After decades of removing peat from our bogs and contributing to biodiversity loss, water and air pollution and rising CO2 emissions, Ireland is moving to biodiversity enhancement, pollution reduction and carbon sequestration. A significant step towards these objectives was taken in November when the government announced a €108m fund to add to €18m provided by Bord na Móna to rehabilitate 30,000 hectares of peatland, with more to follow.
The bog rehabilitation will involve re-wetting bogs that have been drained or cutover (a cutover bog is a bog that has been drained and has had its characteristic vegetation removed along with some of its peat). Drains will be blocked, ditches filled in and peat profiling carried out to slow water movement on the bogs and promote the development of the bog-building sphagnum mosses which will act as carbon sinks. Among the key goals and outcomes are as follows.
Rehabilitation will support the National Policies on Climate Action and GHG mitigation by maintaining and enhancing the current condition peat storage capacity of the bog (locking the carbon into the ground). In time, it is expected that the bog will develop its carbon sink function, in part, as Sphagnumrich communities develop across the bog. It will also support Ireland’s commitments towards the Water Framework Directive, the National Biodiversity Action Plan and the National River Basin Management Plan 2018-2021. (Source: Bord na Móna Draft Rehabilitation Plan 2020).
Bord na Móna workers who previously worked in peat ‘harvesting’ will be working to restore the bogs. Walking tracks, trails and other amenities will also be constructed in certain parts of the boglands, while efforts to protect biodiversity will begin. Other peatlands will be rehabilitated outside of Bord na Móna’s landholding and it is cooperating with the National Parks and Wildlife Service to expand this operation into third-party lands over the next decade.
It is expected that work to restore peatland habitats will begin next April.
While this is very positive news, the expectation is that the natural processes involved in rehabilitating the habitats will take a long time, especially on some cutover bogs. However, Bord na Móna is confident that this can be achieved over time, but warns that “it will take some time (30-50 years) for naturally functioning peatland ecosystems to fully re-establish. ” (Source: Bord na Móna Draft Rehabilitation Plan 2020).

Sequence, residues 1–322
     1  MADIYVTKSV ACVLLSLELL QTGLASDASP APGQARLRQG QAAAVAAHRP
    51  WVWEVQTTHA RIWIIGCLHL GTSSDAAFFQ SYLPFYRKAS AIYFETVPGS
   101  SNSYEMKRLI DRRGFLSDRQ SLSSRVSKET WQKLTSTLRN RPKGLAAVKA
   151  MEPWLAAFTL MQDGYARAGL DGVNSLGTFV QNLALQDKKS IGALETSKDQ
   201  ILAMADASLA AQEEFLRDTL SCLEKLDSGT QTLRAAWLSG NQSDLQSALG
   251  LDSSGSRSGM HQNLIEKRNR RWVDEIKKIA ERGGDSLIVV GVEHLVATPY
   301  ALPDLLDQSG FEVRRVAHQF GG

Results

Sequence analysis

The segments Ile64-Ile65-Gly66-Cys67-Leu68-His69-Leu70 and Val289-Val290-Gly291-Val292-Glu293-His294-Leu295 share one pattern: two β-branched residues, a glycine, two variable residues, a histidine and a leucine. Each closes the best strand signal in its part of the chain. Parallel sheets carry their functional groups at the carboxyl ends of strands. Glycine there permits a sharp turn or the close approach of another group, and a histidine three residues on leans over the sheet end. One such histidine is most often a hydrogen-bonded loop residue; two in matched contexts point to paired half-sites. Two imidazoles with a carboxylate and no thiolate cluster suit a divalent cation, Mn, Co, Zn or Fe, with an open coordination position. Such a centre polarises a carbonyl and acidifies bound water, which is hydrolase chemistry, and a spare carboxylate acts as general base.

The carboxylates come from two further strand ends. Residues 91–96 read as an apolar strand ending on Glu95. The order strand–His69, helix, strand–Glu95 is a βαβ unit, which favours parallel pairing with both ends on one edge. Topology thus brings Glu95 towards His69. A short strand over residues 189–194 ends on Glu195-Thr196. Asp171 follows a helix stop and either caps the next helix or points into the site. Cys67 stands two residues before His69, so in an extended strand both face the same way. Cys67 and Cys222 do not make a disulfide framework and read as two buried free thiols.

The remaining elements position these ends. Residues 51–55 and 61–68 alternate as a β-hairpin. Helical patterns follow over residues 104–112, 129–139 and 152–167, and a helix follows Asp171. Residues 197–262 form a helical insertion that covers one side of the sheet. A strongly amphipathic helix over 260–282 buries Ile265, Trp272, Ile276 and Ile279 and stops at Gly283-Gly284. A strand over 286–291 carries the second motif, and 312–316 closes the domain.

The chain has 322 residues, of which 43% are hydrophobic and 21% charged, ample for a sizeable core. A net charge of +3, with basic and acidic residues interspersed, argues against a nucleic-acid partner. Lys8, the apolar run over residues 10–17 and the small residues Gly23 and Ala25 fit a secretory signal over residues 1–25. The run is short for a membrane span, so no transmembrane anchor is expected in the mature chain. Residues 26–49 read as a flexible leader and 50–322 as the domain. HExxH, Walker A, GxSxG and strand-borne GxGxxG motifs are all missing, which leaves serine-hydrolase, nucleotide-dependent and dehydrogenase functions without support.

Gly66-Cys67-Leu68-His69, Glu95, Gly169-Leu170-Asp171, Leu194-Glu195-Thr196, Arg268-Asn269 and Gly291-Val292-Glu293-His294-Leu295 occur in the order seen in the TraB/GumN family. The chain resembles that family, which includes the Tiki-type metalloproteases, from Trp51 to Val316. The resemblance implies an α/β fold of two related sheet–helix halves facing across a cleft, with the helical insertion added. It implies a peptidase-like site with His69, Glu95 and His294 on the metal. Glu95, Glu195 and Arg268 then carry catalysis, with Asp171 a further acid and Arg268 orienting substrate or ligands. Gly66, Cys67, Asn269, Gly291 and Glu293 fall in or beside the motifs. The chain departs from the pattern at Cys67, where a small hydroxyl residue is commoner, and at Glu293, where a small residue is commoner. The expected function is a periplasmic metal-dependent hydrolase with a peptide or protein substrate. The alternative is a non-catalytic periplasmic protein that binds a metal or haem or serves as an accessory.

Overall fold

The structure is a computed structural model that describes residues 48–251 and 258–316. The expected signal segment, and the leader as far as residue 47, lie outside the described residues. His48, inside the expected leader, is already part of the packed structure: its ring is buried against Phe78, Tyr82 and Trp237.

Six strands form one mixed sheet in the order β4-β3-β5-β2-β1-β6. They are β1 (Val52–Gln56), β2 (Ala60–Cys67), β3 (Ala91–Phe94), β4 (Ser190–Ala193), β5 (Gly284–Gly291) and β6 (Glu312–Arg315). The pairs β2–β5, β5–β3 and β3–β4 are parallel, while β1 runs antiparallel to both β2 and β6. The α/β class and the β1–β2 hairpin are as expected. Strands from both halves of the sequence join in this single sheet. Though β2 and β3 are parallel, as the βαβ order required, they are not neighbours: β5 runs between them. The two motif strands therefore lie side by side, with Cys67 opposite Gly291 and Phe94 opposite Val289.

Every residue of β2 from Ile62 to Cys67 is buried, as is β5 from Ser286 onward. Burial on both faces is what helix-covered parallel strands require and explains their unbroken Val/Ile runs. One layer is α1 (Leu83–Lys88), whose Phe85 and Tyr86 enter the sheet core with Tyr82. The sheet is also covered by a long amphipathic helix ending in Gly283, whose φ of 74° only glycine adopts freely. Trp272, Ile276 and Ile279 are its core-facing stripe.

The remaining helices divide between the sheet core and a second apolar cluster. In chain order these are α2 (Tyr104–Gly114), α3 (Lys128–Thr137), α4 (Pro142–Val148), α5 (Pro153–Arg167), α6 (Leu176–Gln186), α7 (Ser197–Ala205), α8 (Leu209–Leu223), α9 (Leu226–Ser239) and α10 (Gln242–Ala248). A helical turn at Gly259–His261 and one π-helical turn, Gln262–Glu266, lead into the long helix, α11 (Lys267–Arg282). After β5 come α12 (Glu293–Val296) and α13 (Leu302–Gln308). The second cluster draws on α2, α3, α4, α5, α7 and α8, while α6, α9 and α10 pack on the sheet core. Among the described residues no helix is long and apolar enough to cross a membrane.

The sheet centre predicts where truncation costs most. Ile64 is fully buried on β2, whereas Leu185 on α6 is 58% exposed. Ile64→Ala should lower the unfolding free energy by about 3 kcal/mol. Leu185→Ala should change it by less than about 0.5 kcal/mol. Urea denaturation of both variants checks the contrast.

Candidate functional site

The prospect of bog restoration, of seeing Large Heath and Green Hairstreak butterflies and Emperor moths, of hearing the Curlew and Skylark, of smelling the sweet intoxication of heather in August, is indeed exciting.
We urge people living in the midlands to engage with the newly restored bogs, by walking on the tracks and trails provided, by photographing the habitats and wild creatures and publicising the wonderful worlds that bogs offer. Bogs need exploring carefully; their wildlife treasures do not always yield themselves to casual observation. Butterfly Conservation Ireland will be delighted to post these images on our website and Facebook page.
Butterfly Conservation Ireland has written to Bord no Móna with suggestions on how the progress of bog rehabilitation might be measured. The presence of the endangered Large Heath butterfly is indicative of the quality of the rehabilitation undertaken because the butterfly only exists on wet bogs. Its larval host-plant, Hare’s-tail Cottongrass Eriophorum vaginatum, dies when the surface of a bog dries but the plant is frequent when the bog’s water table is at or close to the surface. This plant needs to be abundant on the bog for the Large Heath butterfly to survive. We suggested that vegetation monitoring planned by Bord na Móna assesses the density of the Hare’s-tail Cottongrass and Cross-leaved Heath Erica tetralix, the latter plant being the chief nectar source for the adult Large Heath, against the density on intact bog sites containing abundant populations of the Large Heath.
We also urged that no future use that compromises the conservation value of any rehabilitated peatland is considered. We also recommended that publicity material be generated to showcase the biodiversity benefits achieved by the rehabilitation undertaken at the various bogs. This will support Bord na Móna’s “naturally driven” philosophy and generate considerable positive publicity to highlight Ireland’s commitment to tackling biodiversity loss, pollution and climate change.
More needs to be done to protect bogs, and urgently, as many protected bogs or areas of protected bogs in private hands such as Mouds Bog, County Kildare, among many others, are still being destroyed. We need to extend climate action and biodiversity action policies to all peatlands, not just a few.
However, we commend the Irish government on the steps taken to cease peat exploitation on Bord na Móna bogs. A lot done, but more to do.
Some bog beauties follow…